Let's Eat

Virgin are taking kosher to new heights

The flights company are investigating ways of offering in-flight kosher dining


A few weeks ago, Golders Green residents may have noticed 20 Virgin cabin crew browsing the shelves at Kosher Kingdom supermarket.

The team, in their signature red uniforms, were touring one of London’s most Jewish suburbs with kosher caterer, Arieh Wagner. His mission? To immerse them in our culture and teach them what makes us tick before launching Virgin Atlantic’s newest route — to Tel Aviv — this month.

Richard Branson’s airline doesn’t do things by halves and for this route, the first new one they’ve launched in several years, his team has taken into account its likely passenger makeup and colourful destination.

Wagner has experience training non-Jewish staff to serve observant Jewish customers at five star hotels, the Sheraton Grand London Park Lane and Kempinski Hotel St Moritz. “I was told that they wanted to understand their new clientele and get it right from day one instead of learning on the job” says the Swiss-born, Londoner.

Branson’s team, led by Chief Executive Shai Weiss (himself Israeli) could not train their entire cabin staff, who number more than 4,000. So they selected 40 to attend a workshop at the kosher Pillar Hotel in Hendon.

“The idea was that they would form the core crew and fly the route for the first three months and share their know-how” says Wagner.

Normally, all training happens at The Base, their Crawley HQ. However, for this lesson, the crew were summoned to North West London, where they underwent a crash course that ranged from tallit and tephillin to prayer times, sheitels and kashrut.

Next came the field trip. “This part was far more important” says Wagner. “It gave them an insight into religious Jewish life — details like the importance of a lady’s wig box and why we need to doven in the air.”

Many of the staff had not been delighted to trek from their homes (some overseas) but Darren Sherlock of Virgin Atlantic’s Customer Experience Team says they all left, full of enthusiasm. “Arieh seemed to know everyone in Golders Green” he laughs. “It brought home how close knit the Jewish community is.”

In addition to the crew’s cultural training, Wagner consulted on in-flight entertainment; food and beverage; on board service and the on-the-ground experience.

“I asked them to show me all their nosh and sweets. They have a ‘Wander Wall’ which allows passengers to help themselves.

They brought an actual trolley to the meeting, stuffed with snacks. About 95% of the food on the trolley wasn’t kosher — there were snacks like beef jerky and bacon sticks.”

He advised them what he though they needed to do, and they went away to restock.

“It wasn’t easy” admits Sherlock “but every single snack is now kosher.”

Wagner also advised that they should offer kosher wines.

“They are as good as non-kosher wines, so I suggested they serve kosher wines to those that wanted and could then use the rest for those non-kosher passengers.” He also explained that they would need mevushal wines, which can be poured by anyone (not just Orthodox Jews) and remain kosher.

When the best that competitor British Airways currently offers is a Hermolis kosher meal (pre-ordered only) and budget airline, easyJet, can only stump up a paltry kosher tuna bagel, Virgin’s competitors may need to up their game. Things are definitely going to get competitive on this route.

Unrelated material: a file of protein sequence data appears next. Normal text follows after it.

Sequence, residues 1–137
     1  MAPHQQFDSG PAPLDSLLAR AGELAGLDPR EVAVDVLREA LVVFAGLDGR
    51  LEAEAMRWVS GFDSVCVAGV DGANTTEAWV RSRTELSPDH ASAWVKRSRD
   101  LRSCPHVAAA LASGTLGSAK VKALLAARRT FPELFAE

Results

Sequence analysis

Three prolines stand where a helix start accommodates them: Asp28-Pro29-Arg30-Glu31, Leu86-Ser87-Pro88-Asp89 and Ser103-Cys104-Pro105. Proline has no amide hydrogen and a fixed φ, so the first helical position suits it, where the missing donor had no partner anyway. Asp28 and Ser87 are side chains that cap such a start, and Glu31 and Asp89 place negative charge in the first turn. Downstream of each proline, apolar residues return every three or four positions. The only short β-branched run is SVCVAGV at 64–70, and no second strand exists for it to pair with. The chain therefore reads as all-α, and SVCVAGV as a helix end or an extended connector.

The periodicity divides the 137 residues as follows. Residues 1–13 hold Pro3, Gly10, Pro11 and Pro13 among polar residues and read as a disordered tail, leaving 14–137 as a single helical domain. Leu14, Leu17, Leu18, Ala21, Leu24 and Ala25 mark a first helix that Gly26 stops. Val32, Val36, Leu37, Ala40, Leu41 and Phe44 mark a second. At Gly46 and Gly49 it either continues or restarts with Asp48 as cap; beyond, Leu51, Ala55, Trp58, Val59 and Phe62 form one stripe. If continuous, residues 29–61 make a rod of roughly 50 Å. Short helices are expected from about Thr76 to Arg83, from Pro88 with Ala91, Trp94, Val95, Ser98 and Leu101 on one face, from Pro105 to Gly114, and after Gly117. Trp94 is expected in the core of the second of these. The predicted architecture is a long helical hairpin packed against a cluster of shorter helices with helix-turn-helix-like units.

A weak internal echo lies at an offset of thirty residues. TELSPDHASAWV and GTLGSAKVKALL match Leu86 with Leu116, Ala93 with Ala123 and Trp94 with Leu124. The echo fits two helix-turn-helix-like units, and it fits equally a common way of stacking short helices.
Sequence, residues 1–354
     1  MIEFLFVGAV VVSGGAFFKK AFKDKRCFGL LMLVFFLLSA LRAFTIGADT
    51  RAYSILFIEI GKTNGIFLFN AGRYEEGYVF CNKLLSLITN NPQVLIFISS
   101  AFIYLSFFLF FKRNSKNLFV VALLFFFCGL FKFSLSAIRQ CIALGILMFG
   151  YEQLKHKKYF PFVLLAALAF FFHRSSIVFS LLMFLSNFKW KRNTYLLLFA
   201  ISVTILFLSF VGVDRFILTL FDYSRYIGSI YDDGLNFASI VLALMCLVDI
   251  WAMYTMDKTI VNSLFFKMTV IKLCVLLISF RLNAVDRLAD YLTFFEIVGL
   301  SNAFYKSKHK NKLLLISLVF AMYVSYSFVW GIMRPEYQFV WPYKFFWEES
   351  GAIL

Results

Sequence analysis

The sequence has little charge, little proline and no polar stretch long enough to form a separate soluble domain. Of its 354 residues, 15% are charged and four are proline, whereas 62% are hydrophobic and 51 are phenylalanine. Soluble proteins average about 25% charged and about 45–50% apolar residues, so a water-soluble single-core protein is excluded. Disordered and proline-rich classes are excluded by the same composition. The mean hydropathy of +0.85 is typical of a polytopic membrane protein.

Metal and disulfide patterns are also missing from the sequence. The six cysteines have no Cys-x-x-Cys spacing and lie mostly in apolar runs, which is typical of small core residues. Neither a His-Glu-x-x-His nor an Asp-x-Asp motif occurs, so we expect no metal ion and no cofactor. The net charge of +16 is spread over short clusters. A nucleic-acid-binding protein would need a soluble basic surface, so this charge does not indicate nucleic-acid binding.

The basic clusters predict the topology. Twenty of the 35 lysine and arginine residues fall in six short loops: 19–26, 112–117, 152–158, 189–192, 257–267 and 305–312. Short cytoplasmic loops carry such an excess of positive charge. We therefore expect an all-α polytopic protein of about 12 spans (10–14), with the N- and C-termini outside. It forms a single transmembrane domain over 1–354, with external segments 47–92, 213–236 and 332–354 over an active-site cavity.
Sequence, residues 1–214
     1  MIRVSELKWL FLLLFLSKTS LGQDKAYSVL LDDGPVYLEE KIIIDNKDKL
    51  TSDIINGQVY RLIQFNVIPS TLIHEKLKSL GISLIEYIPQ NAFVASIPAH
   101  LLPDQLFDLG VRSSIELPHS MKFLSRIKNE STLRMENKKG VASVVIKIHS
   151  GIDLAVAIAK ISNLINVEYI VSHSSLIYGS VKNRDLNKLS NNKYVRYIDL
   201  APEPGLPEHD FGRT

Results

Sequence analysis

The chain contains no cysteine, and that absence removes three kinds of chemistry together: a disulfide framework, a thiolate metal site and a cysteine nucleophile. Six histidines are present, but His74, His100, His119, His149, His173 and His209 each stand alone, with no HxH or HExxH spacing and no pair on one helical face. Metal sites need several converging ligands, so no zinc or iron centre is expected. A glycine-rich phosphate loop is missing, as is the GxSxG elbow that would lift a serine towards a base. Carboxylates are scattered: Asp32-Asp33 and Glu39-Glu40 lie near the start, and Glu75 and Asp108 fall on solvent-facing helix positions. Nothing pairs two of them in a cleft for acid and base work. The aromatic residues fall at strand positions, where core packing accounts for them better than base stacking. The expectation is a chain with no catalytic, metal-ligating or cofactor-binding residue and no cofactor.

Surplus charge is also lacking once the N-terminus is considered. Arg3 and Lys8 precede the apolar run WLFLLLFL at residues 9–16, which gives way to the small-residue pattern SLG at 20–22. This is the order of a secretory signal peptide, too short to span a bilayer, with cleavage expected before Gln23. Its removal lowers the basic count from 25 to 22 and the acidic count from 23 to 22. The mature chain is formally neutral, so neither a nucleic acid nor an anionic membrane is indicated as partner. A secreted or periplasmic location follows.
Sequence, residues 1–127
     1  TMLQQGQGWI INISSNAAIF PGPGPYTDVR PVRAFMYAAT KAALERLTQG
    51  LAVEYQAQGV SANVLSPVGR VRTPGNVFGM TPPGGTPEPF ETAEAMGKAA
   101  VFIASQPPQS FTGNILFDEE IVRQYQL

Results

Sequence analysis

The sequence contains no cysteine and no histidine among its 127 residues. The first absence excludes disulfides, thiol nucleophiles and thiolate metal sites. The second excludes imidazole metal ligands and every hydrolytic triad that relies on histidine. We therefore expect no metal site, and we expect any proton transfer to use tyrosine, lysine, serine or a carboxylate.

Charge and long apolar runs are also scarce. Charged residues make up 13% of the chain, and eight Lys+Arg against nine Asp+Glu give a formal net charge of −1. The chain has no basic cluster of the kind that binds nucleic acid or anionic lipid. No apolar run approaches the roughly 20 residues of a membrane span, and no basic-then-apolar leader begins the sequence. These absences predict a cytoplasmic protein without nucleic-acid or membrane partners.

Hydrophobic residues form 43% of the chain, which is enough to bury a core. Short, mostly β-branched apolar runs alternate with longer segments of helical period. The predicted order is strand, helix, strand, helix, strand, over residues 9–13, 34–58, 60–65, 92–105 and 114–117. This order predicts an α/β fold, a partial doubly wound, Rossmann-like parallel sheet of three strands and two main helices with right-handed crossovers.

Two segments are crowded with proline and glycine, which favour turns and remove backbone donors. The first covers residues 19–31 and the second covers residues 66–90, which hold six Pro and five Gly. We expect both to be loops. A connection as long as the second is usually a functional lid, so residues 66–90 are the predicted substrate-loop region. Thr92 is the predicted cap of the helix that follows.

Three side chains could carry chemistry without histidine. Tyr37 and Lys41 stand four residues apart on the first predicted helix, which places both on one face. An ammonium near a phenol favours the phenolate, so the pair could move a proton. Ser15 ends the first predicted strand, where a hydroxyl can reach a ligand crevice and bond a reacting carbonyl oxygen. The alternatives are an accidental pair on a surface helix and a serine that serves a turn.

For foodie flyers who don’t keep kosher, the airline have scored another coup — signing up London, modern-Israeli restaurant, The Good Egg to provide food on board and in Virgin’s Heathrow Club House. Good Egg founder, Joel Braham, and his team were invited to suggest how they could bring their menus to the route.

“It was an amazing opportunity for us, but also a challenge, as there are a number of limitations and requirements we needed to follow” says Braham, explaining that bread needs to withstand being refrigerated on the tray with the starter, and hot food must be able to stand up to the vagaries of on-board ovens.

“In addition, turbulence can delay meal service, leaving food in ovens far longer than planned. His chefs worked with airline caterer Gate Gourmet to produce meals to Upper Class and Premium passengers that match The Good Egg’s regular fare.”

More hurdles came with the service style, as cabin crew are not chefs and service is time limited: “They can only to make a few additions or changes to a meal tray. In Upper Class, no more than four ‘moves’, which may include adding two pots of heated food to a china plate and a cold pots of pickles or sauce or just adding cutlery to the tray. We really had to think about what would work.”

Even fewer changes are permitted for a Premium Class meal. “That means no extra garnishes. Our fish chraimeh, for example, essentially a red, tomato sauce-coated baked fish dish was a challenge to present attractively from the oven, so we topped it with a piece of burnt lemon and some chilli, for colour.”

“No one has done this before, but it felt like a risk worth taking for us for the exposure linked with this premium route, and the chance to work with Virgin.” says Braham.

Virgin are also potentially shaking up in-flight kashrut. For now, kosher meals are to be provided by long-term airline kosher meal provider, Hermolis, but the airline are working with high-end kosher caterer, Food Story, to trial kosher meals on board some of their routes, but not yet Tel Aviv.

How all the meals fair in the air remains to be seen, but it has to be good news for your next trip to the Holy Land.

Share via

Want more from the JC?

To continue reading, we just need a few details...

Want more from
the JC?

To continue reading, we just
need a few details...

Get the best news and views from across the Jewish world Get subscriber-only offers from our partners Subscribe to get access to our e-paper and archive